City of Powell River councillors were provided an overview of what is transpiring at the consolidated wastewater treatment plant, which is currently under construction in Townsite.
At the August 26 finance committee meeting, director of infrastructure services Tor Birtig said that since the last monthly report to the finance committee on July 22, there have been a couple of change orders to the construction administration contract with Associated Engineering. He said one of them included further odour sampling so there could be an odour baseline, and it was completed on August 17. The cost was $8,348.
“They did find some odours emanating from the mill site that they described as sour hotdog smell,” said Birtig. “There were also smells from our existing plant in Townsite.”
Birtig said there was also $24,982 of additional design work for the selected septage acceptance plant. He said the two additional expenditures bring Associated Engineering’s contract to $4,838,634.
Birtig said the mediation process, which involves Caribou Mountain Construction, is ongoing and there is nothing further to report. This is with regard to the outfall contract, which was terminated when Fisheries and Oceans Canada expressed environmental concerns over the underwater environment, where eelgrass was found.
Birtig said at the construction site, Graham Infrastructure is making great progress.
“If any of you have seen the site, the bulk excavation is still ongoing,” said Birtig. “They probably have about 10 or 15 per cent of excavation remaining. They’ve poured bases for the process building. They’ve done manhole installations, poured the base for the tower crane, and as you know, it has since been erected.
“The capacity alarms on the crane have been tested and on August 27, the fire department is doing some high-angle rescue training on the crane so they can be there in the event of an incident. Work continues at a rapid pace down there.”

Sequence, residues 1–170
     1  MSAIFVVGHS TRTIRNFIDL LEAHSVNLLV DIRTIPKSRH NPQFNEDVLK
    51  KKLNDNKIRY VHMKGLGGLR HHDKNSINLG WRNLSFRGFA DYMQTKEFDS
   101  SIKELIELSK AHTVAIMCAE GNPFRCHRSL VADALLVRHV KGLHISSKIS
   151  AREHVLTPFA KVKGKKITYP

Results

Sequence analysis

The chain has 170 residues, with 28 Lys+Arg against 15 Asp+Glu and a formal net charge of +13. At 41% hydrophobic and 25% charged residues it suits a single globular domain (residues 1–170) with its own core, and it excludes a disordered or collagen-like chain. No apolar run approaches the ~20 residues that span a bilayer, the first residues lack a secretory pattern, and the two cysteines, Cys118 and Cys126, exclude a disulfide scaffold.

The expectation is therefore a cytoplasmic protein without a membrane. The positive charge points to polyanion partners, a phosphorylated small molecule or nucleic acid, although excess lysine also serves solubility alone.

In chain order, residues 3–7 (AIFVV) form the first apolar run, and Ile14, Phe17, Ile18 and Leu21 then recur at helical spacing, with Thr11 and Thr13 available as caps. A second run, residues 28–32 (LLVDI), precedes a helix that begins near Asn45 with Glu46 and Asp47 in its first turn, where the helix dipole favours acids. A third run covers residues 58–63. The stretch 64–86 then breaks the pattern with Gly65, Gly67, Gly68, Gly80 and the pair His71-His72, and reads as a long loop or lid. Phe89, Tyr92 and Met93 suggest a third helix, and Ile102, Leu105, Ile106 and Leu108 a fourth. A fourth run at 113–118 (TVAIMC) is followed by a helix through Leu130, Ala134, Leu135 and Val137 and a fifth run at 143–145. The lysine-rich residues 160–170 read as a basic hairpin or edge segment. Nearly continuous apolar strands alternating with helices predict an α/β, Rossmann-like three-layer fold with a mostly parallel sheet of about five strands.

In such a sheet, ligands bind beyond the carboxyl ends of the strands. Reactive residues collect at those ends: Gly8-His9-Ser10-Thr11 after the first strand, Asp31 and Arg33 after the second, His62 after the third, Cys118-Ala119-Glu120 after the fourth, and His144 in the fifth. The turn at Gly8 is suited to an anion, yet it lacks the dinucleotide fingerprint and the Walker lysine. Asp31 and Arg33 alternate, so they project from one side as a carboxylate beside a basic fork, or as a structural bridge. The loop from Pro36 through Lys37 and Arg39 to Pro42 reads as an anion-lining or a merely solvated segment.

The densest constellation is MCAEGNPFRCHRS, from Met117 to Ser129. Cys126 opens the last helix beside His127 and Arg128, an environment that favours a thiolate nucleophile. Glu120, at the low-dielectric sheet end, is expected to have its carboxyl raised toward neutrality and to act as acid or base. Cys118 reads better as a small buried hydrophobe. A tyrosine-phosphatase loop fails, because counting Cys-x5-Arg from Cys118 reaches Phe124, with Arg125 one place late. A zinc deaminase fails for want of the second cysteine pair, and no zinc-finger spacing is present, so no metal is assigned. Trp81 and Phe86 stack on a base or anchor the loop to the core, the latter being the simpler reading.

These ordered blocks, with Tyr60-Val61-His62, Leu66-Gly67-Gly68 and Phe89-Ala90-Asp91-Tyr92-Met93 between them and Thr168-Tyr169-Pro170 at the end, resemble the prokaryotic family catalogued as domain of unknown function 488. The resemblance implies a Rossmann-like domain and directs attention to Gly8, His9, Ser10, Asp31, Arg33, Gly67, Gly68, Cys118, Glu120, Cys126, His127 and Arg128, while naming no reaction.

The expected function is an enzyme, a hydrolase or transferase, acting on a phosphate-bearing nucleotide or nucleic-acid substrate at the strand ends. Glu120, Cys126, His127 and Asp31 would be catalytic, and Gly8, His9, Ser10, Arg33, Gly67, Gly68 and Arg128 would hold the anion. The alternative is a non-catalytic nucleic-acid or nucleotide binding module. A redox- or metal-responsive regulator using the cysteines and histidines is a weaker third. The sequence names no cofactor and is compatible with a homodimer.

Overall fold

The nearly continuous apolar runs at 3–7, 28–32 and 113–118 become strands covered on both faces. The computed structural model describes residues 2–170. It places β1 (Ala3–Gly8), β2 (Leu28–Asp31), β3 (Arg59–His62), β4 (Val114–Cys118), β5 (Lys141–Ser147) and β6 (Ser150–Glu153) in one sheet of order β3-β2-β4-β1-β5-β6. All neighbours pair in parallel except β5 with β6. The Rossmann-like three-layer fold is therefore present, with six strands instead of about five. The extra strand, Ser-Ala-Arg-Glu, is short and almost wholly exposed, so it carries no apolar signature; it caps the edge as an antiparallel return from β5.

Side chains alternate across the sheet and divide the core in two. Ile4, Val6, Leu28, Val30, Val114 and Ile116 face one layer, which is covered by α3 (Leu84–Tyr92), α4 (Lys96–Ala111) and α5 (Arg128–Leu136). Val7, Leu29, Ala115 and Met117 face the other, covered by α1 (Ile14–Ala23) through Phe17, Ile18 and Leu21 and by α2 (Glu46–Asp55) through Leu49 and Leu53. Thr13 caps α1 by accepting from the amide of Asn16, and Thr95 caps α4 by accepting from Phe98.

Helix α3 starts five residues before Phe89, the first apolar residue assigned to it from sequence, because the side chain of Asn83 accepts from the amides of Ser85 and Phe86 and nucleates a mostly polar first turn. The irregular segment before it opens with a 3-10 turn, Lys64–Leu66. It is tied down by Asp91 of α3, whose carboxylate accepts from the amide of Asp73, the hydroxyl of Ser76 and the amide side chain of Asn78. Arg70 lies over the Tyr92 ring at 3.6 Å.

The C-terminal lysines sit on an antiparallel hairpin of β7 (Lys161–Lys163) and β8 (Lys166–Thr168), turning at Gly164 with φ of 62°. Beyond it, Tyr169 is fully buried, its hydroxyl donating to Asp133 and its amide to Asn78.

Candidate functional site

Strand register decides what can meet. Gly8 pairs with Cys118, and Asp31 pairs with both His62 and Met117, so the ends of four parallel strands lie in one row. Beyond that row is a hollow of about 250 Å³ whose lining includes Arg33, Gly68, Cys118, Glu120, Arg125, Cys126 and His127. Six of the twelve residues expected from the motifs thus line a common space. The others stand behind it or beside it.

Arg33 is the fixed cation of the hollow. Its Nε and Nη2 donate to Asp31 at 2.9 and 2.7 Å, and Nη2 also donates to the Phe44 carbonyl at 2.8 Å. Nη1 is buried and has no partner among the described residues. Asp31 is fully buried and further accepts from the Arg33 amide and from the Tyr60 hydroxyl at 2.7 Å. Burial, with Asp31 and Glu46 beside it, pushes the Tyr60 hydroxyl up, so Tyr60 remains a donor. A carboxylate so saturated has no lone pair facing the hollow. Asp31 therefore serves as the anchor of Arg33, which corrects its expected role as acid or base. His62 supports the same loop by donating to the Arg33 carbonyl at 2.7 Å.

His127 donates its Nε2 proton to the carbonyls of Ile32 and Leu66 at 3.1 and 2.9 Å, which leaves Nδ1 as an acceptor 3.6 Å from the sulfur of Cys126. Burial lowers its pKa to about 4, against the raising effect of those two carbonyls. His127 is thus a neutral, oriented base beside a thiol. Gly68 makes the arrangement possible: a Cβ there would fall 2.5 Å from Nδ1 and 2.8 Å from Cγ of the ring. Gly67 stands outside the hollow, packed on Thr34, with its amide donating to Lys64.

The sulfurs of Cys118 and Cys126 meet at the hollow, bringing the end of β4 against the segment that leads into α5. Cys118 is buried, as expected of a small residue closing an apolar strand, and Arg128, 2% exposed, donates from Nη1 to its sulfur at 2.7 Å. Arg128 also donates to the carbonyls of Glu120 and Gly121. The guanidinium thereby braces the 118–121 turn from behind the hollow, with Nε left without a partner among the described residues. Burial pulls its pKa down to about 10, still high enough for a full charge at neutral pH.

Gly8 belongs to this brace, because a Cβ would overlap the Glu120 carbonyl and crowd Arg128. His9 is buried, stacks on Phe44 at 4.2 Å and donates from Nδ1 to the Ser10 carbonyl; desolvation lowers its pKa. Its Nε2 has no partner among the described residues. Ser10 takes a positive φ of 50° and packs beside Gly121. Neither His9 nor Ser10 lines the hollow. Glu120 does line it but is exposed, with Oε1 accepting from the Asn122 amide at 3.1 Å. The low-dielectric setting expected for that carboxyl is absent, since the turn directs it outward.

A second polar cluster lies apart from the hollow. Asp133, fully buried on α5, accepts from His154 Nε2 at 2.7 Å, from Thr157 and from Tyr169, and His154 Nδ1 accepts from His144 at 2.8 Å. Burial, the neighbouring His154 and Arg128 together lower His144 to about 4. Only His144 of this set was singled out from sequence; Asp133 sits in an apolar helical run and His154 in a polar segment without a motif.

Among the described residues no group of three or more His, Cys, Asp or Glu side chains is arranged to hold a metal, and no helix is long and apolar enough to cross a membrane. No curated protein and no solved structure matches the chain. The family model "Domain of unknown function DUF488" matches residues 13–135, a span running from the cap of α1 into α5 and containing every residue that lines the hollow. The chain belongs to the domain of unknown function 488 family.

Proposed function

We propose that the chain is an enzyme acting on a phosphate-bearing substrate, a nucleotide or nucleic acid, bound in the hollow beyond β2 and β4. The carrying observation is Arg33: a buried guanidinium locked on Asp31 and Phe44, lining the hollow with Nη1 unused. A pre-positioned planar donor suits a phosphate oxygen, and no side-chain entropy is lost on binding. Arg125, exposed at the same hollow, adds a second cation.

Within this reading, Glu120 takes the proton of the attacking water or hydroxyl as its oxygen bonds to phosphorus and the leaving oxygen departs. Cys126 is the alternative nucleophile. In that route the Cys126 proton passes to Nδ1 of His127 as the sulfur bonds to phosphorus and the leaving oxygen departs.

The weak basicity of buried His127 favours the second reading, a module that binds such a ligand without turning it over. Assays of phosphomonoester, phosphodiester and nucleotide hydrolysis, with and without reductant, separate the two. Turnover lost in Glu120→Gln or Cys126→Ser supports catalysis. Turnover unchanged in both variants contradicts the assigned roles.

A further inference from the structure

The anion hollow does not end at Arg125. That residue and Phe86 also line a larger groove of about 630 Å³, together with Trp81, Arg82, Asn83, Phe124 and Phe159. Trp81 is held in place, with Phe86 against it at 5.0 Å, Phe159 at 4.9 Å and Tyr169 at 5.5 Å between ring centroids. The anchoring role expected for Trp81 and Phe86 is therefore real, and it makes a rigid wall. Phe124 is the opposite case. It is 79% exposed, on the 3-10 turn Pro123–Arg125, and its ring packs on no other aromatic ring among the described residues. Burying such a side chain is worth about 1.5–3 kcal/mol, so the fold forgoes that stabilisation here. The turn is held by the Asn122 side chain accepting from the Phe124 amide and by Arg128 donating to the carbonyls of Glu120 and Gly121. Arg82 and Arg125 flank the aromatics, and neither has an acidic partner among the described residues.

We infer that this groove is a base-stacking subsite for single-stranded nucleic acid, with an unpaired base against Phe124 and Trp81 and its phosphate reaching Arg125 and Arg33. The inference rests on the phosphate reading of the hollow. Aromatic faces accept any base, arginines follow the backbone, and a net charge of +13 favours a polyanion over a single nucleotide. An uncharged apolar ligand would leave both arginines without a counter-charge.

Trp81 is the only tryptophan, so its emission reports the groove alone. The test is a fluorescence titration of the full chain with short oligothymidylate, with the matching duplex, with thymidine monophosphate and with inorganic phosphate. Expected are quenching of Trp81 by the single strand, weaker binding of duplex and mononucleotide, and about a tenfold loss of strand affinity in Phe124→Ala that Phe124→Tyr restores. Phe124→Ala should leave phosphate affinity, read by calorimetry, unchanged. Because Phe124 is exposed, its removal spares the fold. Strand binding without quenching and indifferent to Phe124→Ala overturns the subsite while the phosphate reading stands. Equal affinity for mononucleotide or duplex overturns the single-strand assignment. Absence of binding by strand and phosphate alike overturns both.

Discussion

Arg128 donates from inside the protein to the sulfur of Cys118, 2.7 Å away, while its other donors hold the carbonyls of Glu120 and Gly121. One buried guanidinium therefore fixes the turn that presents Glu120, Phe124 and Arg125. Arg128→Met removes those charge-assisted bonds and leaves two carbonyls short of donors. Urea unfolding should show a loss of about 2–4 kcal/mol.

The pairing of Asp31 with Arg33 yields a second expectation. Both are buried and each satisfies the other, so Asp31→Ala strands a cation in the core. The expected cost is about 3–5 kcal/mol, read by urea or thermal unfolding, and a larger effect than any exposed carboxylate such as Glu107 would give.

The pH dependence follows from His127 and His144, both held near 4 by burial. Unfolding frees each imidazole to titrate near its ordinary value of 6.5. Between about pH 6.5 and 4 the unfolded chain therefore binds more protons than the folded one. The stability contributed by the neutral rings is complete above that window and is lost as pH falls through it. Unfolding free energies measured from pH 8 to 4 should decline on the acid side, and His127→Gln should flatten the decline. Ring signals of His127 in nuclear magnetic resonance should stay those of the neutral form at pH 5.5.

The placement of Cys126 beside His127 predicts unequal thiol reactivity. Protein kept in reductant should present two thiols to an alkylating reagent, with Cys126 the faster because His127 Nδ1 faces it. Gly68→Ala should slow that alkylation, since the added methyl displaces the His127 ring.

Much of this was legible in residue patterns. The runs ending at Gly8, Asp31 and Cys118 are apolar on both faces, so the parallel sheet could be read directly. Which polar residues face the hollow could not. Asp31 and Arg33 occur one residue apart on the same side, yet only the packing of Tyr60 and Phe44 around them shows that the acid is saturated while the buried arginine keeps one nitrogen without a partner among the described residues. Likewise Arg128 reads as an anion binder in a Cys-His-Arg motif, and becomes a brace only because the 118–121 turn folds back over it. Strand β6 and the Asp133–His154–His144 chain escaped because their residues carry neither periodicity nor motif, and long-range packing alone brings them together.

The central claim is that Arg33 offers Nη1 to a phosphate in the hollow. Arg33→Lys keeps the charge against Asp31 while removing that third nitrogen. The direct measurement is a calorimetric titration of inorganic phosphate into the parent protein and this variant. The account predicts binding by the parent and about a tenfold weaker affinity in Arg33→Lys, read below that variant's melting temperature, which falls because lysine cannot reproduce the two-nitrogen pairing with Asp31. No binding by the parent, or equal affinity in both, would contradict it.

Birtig said on August 24, there were approximately 50 employees onsite.
He added the city is continuing coordination with the ministry of transportation and infrastructure with respect to seismic work being done on the Wildwood bridge. Birtig said the city wants to ensure there is no conflict with the pipeline from Wildwood and the ministry’s bridge work.
Measurements provide baseline
Councillor Rob Southcott asked if the odour sampling was to provide a control. Birtig said the measurements would provide a baseline.
“If we do find issues down the road, we can compare it against the baseline and know where the odours are actually coming from,” said Birtig.
Finance committee chair councillor George Doubt said he believes that August 2021 was the target date for the redesign and permitting for the new outfall design. He said he wondered how that was going.
Birtig said the design has been finalized and included into a tender package, which is with Graham Infrastructure. Birtig said they will take on the tendering of that parcel, which is scheduled to close September 21.
“In the meantime, our consultant should be just completing the information to bring to fisheries and oceans Canada to hopefully get the final nod,” said Birtig.
Doubt said the tendering and work with fisheries and oceans appeared to be done at the same time. Birtig said that was the case.
Birtig said fisheries and oceans was requesting to review the changed plans and that is what will be brought forward, with the final design drawings and construction practices.
“That’s a risk that has been worrying me,” said Doubt, “so I hope we get it resolved pretty soon.”